Comparative Environmental Politics
Theory, Practice, and Prospects
Publication Year: 2012
Published by: The MIT Press
Title Page, Copyright, Dedication
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The study of comparative environmental politics and policy dates back at least to the 1970s, when scholars began to compare systematically the way different countries dealt with environmental problems of the time. As interest in the environment and environmental policy grew over the succeeding decades, comparative studies lagged to some extent...
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Given the highly collaborative nature of this project, and our goal of promoting a new field of research that amounts to more than the sum of its parts, it is fitting that from start to finish this book has benefited from the insights of scholars working in diverse areas of inquiry. Above all, we are grateful to the chapter authors for their energetic...
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Part I. Building Bridges: Comparative Politics and the Environment
Chapter 1. Comparative Environmental Politics in a GlobalWorld
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At first glance, the Maine lobster industry and traditional forest users in western Uganda would appear to have little in common. Yet upon closer examination — and with the benefit of the right analytic tools — patterns emerge that suggest common elements of social organization and similar challenges. In each area, resource users have collectively devised..
Chapter 2. Bridging Archipelagos: Connecting Comparative Politics and Environmental Politics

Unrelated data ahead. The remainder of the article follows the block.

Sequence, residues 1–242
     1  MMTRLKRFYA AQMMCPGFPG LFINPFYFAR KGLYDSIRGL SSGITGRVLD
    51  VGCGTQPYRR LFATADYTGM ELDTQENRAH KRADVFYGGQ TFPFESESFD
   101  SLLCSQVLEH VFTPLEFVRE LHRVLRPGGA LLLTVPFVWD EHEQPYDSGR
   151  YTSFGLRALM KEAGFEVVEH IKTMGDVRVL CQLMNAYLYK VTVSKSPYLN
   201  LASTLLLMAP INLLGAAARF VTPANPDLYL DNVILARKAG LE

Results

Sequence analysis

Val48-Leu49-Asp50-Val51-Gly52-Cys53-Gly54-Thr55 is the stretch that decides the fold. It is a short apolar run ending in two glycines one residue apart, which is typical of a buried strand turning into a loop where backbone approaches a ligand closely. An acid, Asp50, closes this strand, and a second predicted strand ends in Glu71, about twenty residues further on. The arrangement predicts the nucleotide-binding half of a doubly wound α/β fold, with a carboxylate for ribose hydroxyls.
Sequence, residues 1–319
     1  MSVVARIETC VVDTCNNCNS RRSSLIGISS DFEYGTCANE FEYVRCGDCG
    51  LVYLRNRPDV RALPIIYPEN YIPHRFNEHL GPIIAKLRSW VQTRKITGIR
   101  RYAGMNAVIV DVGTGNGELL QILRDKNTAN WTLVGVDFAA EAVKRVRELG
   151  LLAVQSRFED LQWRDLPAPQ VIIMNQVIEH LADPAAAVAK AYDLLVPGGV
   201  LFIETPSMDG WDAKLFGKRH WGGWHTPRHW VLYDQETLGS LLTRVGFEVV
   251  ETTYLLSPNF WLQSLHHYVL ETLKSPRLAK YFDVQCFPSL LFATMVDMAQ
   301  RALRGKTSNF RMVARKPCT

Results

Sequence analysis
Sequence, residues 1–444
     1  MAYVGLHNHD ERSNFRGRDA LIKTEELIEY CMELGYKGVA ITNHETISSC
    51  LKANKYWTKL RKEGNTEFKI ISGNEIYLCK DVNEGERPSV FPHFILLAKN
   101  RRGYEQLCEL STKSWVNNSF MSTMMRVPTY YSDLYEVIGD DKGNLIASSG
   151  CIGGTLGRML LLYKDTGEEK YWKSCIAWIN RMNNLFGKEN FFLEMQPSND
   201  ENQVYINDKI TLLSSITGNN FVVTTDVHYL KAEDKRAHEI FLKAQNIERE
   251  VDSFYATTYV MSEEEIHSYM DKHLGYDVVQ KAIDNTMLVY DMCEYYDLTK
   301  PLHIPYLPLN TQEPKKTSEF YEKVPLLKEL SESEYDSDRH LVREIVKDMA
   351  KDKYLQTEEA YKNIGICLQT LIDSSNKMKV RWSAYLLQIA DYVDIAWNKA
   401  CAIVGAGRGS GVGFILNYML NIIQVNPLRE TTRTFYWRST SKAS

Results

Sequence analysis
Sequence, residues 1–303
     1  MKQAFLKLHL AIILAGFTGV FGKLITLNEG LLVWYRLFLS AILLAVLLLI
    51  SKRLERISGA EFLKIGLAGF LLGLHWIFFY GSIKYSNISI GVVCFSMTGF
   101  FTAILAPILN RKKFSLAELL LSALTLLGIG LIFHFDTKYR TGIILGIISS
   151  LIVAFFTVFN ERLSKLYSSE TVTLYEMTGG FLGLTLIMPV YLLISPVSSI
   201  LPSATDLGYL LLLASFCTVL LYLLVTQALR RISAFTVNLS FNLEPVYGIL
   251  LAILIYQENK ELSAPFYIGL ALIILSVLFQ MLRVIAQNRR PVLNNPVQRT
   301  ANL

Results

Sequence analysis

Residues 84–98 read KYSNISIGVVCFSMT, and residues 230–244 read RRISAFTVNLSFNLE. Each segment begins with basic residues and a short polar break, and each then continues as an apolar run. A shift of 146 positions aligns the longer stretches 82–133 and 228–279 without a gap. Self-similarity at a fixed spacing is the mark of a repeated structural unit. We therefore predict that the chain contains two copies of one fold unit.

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Systematic comparisons of domestic environmental politics allow us to move beyond ill-defined exhortations to “ save the planet ” toward a greater understanding of the vast array of social responses to environmental problems in diverse countries around the globe. With the help of conceptual tools that enable meaningful comparisons across national borders, we can gain insights into the cause-and-effect relationships that lead states and...
Part II. Greening States and Societies
Chapter 3. Greening the State?
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The constitution of the environmental domain as a distinct sphere of government activity is a comparatively recent phenomenon. It was only in the late 1960s and early 1970s that governments across the developed world moved decisively to put in place the foundations...
Chapter 4. The Globalization of Environmental Concern
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Conventional wisdom has long held that widespread citizen awareness of environmental problems and support for environmental protection were phenomena limited to wealthy, highly industrialized, and primarily Northern Hemisphere nations. The early emergence of environmentalism and green parties in North America and Northern European...
Part III. Nonstate Actors and Social Mobilization
Chapter 5. The Comparative Study of Environmental Movements
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For almost twenty years, the Goldman Environmental Prize has been awarded annually to individuals from six continents engaged in environmental activism in their native countries. Recent winners include a Russian working to protect Lake Baikal from pollution, a Belgian who helped establish that country ’ s first national park, a Mexican working with indigenous...
Chapter 6. Business-State Relations and the Environment: The Evolving Role of Corporate Social Responsibility
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In both environmental studies and comparative political economy, the corporation is a central actor affecting political and economic outcomes (for excellent overviews, see Kraft and Kamieniecki 2007 ; Haggard, Maxfield, and Schneider 1997 ). A large body of literature assumes that in developed and developing countries alike, business interests can capture...
Chapter 7. Political Parties and the “Meaning of Greening” inEuropean Politics